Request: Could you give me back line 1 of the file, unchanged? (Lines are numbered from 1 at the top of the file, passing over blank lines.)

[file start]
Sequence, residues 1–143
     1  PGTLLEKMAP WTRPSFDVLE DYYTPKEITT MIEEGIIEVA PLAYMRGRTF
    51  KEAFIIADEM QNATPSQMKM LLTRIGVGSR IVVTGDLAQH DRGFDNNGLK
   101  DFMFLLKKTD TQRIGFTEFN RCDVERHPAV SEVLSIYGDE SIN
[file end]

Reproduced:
Sequence, residues 1–143